Christian faith is rich in its creed and dogmas, but none more than the Mystery of the Holy Trinity: God the Father, the Son and the Holy Spirit. From its early days, the Church is aware of the difficulty in accepting such a dogma, but the Church follows what it has learned from the Lord Jesus and what it has grasped by the power of the Holy Spirit. The concept of God as a Trinity is certainly beyond the understanding of man, but is also a deeply enriching concept. Man, created in the image of God, would certainly benefit from grasping the reality of God.

The Old Testament speaks about how God brought people to adopt monotheism – the “one god” religion – after centuries of idolatry. God revealed His love and care to the people, having created them: supporting them, loving them despite their many sins, helping them in the numerous hardships they encountered and faithfully being with them at all times. The people rejoiced in God’s call, and they believed that God is one, and that all idols worshipped by neighbouring peoples did not count.

God loved and cared for His people to such an extent that He sent His own Son, as John’s Gospel says: “For God loved the world so much that He gave His only son” (Jn 3:16). Witnessing the suffering of humanity, God did not wish to remain in heaven and provide His help from afar, but He chose to intervene in person in the life of His people to save them. Thus, God gave His Son, of one substance with the Father, not another god, a second god, for Christians worship no other. Just as the sun sends forth its rays of light, so God sent His Son; the ray of the sun is not another sun, but it is the essence of the sun, and yet at the same time it is a little different from the sun itself. The Son is of one essence with the Father, yet distinct from Him at the same time.

Throughout the centuries, Christians have fully accepted that belief in Christ is the continuation of their belief in a single God, by the grace of the Holy Spirit, who is of one substance with God. The Holy Spirit came at the Resurrection of Christ to help the Church grasp the depth of the faith it has received from Jesus Christ. The Holy Spirit is the Spirit of love, which binds the Father and the Son. Love knows no division and is indeed the way to complete the unity.

Our faith is in One God, who is the One God in Three Persons. God the Father is our Creator, God the Son is our Saviour, and God the Holy Spirit is our Sanctifier. What unites the work of the three divine Persons is love, for God is love. We offer an image of the mystery of the Trinity: the sun. In the morning, the sun sends forth rays of light; at noon it gives out heat; and in the evening it becomes a round shining disk; well, the rays of light, heat and disc are still one sun. For God, there is a single Son; He sent him to bring us to Him, so we become His adopted children. Jesus is His Son according to the substance, but we have become sons by His grace. That is why Jesus taught us and invited us to call God, when we pray, in the same manner as he calls Him himself: “Our Father”. What grace we are given, we creatures, to be able to call God our Creator as “Our Father”! What a joy it is for us to recognize that the one who sows in us the desire for prayer and faith is God Himself, for He has lodged in our hearts His Holy Spirit! He is the Spirit of love, who calls us to participate in the love poured into our hearts; this is an immense love, for it is the love of the Father and the Son, it is the love of God. In philosophy, it would be difficult to explain the mystery of the Holy Trinity, but the Christian knows well that this truth concerns him in his life; it is a source of great joy and great desire to unite with God, who is perfect love in all His essence.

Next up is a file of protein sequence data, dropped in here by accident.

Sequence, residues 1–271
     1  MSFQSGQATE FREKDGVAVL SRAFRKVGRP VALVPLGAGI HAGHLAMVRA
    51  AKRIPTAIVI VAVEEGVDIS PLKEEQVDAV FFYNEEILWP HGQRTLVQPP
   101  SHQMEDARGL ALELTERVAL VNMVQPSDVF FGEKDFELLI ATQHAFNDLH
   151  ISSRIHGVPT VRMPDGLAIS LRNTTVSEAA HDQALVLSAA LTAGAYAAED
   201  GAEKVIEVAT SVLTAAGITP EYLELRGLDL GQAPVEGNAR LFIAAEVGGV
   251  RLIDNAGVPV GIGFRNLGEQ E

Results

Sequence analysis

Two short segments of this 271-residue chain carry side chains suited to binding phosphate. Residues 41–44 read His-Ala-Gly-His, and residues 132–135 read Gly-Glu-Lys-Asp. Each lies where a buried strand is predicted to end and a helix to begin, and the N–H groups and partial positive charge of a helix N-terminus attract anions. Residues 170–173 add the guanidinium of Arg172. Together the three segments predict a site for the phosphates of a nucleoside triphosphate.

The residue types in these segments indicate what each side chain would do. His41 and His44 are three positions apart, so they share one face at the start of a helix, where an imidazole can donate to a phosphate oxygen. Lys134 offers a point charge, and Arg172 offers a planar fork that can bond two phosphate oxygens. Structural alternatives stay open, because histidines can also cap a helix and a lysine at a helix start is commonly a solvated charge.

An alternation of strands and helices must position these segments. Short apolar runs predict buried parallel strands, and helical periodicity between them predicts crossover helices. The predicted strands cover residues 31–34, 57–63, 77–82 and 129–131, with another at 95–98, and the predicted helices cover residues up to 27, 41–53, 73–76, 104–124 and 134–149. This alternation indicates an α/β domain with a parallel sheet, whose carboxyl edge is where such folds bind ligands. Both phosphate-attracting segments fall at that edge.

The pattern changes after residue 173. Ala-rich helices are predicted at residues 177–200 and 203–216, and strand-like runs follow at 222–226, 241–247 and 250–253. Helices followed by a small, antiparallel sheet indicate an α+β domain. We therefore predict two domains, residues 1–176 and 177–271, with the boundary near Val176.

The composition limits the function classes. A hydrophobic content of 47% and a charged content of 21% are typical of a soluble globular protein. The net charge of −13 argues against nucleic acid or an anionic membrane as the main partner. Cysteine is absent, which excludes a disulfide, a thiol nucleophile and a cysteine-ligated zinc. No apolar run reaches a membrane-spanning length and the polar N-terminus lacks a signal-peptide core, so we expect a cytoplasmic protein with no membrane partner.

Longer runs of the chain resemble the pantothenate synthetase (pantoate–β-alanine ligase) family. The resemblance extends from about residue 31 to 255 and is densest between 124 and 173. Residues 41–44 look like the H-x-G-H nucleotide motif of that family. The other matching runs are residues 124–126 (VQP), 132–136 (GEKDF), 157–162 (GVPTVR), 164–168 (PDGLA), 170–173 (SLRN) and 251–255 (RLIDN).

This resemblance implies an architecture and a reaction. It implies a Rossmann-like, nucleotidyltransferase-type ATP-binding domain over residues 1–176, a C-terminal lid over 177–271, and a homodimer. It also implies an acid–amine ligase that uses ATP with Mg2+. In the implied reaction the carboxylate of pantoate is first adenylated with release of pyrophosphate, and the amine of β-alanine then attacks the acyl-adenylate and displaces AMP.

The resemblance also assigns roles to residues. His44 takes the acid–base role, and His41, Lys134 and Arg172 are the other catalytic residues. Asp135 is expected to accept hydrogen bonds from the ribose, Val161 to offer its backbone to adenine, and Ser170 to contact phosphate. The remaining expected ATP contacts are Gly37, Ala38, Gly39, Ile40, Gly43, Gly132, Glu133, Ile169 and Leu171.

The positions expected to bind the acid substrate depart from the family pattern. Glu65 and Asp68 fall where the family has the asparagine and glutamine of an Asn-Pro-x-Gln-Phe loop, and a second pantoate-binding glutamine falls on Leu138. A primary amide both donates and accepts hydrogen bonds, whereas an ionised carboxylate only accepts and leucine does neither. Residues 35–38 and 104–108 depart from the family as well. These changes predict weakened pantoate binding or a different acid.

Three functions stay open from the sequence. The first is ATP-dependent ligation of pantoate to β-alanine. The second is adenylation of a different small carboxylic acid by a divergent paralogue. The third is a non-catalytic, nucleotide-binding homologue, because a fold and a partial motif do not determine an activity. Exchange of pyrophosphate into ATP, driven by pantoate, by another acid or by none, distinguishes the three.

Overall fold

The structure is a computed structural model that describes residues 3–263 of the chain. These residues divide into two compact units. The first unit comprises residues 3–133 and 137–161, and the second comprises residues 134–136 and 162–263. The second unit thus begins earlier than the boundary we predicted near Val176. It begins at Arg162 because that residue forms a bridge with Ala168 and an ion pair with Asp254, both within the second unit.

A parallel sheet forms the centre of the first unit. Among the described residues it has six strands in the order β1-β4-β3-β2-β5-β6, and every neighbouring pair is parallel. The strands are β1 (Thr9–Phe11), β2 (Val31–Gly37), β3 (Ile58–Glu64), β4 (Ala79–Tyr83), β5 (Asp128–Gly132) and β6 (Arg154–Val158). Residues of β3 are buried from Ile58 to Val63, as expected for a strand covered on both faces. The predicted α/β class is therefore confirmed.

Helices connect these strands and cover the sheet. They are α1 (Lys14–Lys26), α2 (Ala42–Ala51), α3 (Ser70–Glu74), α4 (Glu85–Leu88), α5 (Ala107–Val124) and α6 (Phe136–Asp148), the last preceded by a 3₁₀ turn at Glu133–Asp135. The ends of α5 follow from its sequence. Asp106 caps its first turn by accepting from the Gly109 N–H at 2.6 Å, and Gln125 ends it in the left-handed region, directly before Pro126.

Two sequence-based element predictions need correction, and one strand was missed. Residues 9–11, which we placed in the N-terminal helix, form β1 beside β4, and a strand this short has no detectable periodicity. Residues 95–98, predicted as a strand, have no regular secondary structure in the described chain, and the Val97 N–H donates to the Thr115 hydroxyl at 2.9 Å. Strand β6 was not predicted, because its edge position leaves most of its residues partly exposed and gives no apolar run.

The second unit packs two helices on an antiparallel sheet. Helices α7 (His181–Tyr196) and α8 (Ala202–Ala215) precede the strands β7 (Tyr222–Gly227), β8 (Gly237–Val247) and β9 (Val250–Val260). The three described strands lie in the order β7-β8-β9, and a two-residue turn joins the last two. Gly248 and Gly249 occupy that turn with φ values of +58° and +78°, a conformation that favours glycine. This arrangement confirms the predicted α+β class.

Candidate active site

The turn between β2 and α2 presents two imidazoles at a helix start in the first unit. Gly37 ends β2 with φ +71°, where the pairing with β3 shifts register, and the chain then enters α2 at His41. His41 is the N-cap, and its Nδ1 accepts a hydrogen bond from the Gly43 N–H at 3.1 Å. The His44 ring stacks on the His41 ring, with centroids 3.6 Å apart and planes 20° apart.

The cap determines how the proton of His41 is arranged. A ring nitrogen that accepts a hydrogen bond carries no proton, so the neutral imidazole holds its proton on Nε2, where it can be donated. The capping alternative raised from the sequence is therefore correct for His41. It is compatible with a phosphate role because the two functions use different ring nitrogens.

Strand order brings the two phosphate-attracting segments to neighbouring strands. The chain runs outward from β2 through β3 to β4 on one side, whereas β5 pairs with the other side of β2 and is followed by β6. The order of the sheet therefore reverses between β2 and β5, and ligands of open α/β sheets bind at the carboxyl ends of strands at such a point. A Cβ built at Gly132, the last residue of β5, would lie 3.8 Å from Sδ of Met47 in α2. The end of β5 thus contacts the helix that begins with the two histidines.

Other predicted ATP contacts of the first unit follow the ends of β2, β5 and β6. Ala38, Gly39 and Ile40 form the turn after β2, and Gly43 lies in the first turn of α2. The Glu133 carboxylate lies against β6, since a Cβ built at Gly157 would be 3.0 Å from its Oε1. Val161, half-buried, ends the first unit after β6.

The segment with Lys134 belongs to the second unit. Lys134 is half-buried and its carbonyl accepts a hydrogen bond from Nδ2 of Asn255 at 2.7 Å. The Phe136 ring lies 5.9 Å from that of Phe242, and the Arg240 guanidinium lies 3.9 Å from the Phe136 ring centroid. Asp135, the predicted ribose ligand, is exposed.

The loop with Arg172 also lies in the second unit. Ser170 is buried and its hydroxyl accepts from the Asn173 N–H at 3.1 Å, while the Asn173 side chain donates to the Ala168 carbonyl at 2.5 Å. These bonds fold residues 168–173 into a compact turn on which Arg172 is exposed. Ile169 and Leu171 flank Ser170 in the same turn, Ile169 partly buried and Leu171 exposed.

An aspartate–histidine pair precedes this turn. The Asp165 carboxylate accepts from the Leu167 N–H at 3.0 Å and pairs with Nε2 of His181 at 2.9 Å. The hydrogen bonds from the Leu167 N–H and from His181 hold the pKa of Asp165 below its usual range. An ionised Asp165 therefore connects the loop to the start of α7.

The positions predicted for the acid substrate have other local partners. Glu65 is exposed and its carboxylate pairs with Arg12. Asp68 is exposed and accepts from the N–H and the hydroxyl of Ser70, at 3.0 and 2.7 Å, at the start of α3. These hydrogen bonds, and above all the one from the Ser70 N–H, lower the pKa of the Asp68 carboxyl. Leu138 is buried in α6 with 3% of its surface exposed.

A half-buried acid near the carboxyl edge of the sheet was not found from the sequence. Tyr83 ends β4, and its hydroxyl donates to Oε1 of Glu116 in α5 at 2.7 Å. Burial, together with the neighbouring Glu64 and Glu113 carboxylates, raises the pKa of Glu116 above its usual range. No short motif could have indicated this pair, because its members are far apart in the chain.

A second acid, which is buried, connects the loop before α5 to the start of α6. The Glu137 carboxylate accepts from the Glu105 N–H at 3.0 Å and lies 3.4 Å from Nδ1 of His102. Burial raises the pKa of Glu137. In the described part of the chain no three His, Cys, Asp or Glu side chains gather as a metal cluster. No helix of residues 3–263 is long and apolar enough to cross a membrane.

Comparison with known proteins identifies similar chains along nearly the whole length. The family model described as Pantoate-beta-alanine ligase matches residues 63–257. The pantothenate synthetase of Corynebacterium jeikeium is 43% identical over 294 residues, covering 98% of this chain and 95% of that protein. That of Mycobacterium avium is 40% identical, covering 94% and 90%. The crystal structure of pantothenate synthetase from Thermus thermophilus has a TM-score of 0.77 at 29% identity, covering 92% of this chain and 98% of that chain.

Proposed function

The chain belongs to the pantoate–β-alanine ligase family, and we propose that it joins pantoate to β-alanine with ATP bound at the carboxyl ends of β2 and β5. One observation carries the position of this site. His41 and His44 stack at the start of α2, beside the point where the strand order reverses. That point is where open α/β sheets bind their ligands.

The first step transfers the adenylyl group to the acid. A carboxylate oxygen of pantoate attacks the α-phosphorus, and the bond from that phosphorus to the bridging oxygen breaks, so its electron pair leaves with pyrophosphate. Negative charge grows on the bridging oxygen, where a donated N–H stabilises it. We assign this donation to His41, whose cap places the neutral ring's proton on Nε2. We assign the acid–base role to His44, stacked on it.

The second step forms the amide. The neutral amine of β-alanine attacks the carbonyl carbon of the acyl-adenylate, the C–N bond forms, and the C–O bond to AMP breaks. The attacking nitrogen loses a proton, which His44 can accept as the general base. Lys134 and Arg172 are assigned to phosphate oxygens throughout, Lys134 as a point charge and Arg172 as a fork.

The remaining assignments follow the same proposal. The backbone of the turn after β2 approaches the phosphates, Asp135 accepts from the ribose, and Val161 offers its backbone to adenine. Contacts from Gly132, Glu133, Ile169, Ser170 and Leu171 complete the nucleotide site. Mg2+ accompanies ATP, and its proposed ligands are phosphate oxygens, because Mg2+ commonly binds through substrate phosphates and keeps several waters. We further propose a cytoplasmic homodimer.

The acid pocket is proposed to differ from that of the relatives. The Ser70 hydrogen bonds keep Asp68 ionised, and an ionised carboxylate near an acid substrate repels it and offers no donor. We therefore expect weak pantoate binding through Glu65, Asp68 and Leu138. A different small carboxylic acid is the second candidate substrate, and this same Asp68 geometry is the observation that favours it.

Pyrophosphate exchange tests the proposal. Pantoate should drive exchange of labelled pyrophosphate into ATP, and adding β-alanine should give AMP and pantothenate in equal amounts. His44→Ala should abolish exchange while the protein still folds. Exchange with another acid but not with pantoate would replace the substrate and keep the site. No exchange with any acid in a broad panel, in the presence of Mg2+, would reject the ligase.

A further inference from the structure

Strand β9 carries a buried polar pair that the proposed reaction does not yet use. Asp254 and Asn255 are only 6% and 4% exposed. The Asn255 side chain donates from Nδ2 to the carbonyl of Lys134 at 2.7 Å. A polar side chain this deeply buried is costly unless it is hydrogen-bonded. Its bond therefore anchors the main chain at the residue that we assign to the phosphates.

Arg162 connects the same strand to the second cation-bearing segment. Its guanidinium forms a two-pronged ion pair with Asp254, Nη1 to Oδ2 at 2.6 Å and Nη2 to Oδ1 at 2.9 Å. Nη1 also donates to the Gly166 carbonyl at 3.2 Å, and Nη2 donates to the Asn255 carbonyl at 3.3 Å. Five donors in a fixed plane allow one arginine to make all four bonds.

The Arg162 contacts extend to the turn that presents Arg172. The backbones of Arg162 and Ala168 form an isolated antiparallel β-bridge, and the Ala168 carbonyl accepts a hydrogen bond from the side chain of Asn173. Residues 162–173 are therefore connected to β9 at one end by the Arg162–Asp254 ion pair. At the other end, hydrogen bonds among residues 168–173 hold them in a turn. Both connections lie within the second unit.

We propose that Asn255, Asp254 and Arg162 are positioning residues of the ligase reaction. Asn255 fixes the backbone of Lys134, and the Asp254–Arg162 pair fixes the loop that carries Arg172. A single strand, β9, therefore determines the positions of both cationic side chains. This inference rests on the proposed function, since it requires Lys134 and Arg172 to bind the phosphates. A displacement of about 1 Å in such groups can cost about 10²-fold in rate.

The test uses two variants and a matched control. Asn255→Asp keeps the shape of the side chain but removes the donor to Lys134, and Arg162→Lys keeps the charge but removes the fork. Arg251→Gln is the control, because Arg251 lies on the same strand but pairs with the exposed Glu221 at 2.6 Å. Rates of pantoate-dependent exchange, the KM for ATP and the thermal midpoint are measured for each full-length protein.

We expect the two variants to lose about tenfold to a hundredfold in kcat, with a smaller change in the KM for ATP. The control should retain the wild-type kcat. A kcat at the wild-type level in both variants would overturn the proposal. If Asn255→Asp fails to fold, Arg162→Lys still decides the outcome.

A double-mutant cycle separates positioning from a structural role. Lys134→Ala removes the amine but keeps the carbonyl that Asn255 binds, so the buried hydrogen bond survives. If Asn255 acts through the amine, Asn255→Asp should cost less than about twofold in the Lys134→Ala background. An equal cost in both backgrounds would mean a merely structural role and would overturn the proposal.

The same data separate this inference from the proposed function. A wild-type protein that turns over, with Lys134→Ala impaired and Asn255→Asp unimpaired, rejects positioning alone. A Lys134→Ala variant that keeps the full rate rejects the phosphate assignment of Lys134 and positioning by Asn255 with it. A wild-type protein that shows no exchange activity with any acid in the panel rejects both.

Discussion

4- Reading and Meditation: A Reading from Jacob of Sarug (c.451-521)

The Prophets and the Apostles

The Gospel approached and took from the Law the burden of bringing riches to the needy earth which was in want. Up until then the Prophets had escorted and carried the great treasure, and they rested so that it might proceed forth to the world through the apostles.

The prophets were praising the Son for how much he was brought low, and they marvelled about him, and they praised him for how much he had humbled himself. And they prostrated before him because he had come and perfected their revelations, and all the mysteries and their interpretations were explained by him. And such things as these were being spoken to our Redeemer by Elijah and Moses on the mountain when they spoke with him: “It is wonderful to you, my Lord, perfecting the books of prophecy, that all the symbols of truths should receive their seal in you.”…

Moses said, “Descend, my Lord, and follow the way for which you have come. Bind the sin and liberate Adam through your crucifixion. Ascend the Cross and put to shame principalities and powers, unmask them because the rulers were in error. Go, die and redeem, for behold, all the dead look to you, visit the prisoners and make your light shine forth among the dead. Behold, in the cave of the tombs all the captives are shut up. Go, enter into it and make the bereaved return to their place. Conquer the victorious one, and grant victory to Adam who had been vanquished.”

Then it may be that Elijah too spoke to the Son on the mountain, and after the words of Moses, he gave testimony as someone trustworthy. “Zion is wicked, as you also know her. She resembles Jezebel who until she was killed, was not relieved … She loves to commit adultery, and since you are holy, she flees from you; she loves idols, and since you are God, she hates to see you.”

The disciples heard the conversation, which was carried out there, and clearly they understood the sufferings of the Son … The discussion of Elijah with Christ pleased Simon and the words uttered by Moses, filled him with wonder. The light pleased him and his soul took delight in the great glory; and he loved the place and did not want to descend from there … He heard the prophets speaking of the crucifixion and was terrified to come down to encounter the bloodthirsty dangers. That is why he says, “Lord, if you will it, it is good for us to be here and we shall make three tents, one for you, one for Moses and one for Elijah; and we shall remain here.” The talk of Simon had not pleased the invisible Father because he had said, “Let us make three tents for the three of them.” The zeal of the Father reproved Simon because he had made them all equal. The Father showed him that the Son alone is in a state of honour. And He spread out a single cloud, covering over the glory upon the mountain, for the One worthy of honour, and He left the other two as they are.20